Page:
NASA’s Osiris-Rex asteroid sample-return mission passed its critical design review, clearing the way for prime contractor Lockheed Martin Space Systems of Denver to start putting the robotic spacecraft together, the company said in an April 10 press release. 

Lockheed is building the Osiris-Rex spacecraft and its sample-collection-and-return system. Lockheed will also operate the mission, which is scheduled for launch in September 2016 aboard a United Launch Alliance Atlas 5 rocket. Osiris-Rex is to rendezvous with its target asteroid, Bennu, in 2018, collect at least a 60-gram sample, and return the specimen to Earth in 2023. 

The mission’s principal investigator is Dante Lauretta, a professor in the Planetary Sciences Department at the University of Arizona in Tucson. The university will provide the Osiris-Rex Camera Suite: a collection of three cameras designed to help the spacecraft spot Bennu, a lumpy spheroid about 500 meters in diameter, and maintain a safe distance during the descent to the space rock’s surface for sample collection.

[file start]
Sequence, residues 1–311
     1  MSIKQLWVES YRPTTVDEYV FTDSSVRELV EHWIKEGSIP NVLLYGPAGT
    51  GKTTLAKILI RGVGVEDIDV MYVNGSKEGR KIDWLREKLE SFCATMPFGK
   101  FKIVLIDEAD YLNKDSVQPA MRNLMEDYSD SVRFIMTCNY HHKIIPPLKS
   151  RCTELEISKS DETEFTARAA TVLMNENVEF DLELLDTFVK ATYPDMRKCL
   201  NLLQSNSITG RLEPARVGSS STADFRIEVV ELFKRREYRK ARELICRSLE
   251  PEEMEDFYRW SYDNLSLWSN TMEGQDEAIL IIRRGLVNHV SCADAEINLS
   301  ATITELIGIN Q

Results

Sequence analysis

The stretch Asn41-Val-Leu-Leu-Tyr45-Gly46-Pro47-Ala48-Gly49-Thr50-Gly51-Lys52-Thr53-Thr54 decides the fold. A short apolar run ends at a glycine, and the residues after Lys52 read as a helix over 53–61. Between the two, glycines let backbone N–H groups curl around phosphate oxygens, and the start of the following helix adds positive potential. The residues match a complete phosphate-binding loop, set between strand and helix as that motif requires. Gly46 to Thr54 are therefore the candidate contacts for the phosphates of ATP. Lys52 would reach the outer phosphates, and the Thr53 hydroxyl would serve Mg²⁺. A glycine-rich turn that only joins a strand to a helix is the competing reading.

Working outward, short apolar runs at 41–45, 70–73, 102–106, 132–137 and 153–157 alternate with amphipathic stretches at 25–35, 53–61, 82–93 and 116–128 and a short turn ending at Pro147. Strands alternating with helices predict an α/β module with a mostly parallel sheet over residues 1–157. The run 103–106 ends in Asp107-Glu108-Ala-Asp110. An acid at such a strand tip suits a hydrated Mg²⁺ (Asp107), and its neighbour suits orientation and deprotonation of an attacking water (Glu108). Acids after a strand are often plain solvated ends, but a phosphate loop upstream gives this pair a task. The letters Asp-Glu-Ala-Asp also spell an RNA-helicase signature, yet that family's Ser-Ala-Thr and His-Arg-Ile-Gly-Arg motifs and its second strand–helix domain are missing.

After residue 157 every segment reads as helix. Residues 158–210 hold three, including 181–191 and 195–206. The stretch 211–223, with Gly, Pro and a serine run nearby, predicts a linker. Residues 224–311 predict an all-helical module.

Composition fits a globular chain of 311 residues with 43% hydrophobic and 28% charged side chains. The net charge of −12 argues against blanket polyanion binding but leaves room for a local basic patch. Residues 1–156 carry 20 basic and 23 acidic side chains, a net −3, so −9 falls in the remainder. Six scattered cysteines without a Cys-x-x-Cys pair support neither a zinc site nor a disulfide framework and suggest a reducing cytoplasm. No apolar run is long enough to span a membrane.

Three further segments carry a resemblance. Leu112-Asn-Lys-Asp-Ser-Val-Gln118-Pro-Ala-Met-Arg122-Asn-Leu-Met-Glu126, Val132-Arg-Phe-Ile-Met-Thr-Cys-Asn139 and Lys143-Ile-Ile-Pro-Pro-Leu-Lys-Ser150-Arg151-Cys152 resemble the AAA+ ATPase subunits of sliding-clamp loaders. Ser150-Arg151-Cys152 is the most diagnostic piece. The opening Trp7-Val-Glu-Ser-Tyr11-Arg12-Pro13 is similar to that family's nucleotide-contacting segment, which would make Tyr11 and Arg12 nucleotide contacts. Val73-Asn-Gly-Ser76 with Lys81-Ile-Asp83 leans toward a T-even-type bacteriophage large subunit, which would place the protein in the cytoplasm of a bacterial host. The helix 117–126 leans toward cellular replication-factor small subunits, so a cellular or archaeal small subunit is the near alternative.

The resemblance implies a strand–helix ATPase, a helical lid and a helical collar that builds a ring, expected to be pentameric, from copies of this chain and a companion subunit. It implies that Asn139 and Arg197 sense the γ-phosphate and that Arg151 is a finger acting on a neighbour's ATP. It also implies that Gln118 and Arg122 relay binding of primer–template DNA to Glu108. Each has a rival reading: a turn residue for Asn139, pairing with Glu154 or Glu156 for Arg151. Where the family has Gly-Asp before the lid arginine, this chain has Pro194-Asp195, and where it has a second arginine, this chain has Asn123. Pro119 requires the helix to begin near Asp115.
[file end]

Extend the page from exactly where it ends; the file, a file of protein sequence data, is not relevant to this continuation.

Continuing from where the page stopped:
Osiris-Rex was selected in 2010 as the fourth in NASA’s New Horizons series of competitively awarded, medium-size planetary science missions. Development costs are capped at $800 million in 2010 dollars. The Osiris-Rex program is not responsible for the mission’s $183.5 million launch bill, or the Regolith X-ray Imaging Spectrometer student experiment provided by the Massachusetts Institute of Technology. The MIT instrument and the rocket bring the total mission tab up to about $1 billion, Lauretta has said. 

Osiris-Rex, NASA has said, could inform the Asteroid Redirect Mission the agency is contemplating, in which a different robotic craft would be launched by the end of the decade on a mission to nudge a small asteroid into lunar orbit. Astronauts would then rendezvous with the captured boulder by 2025 under the proposed mission.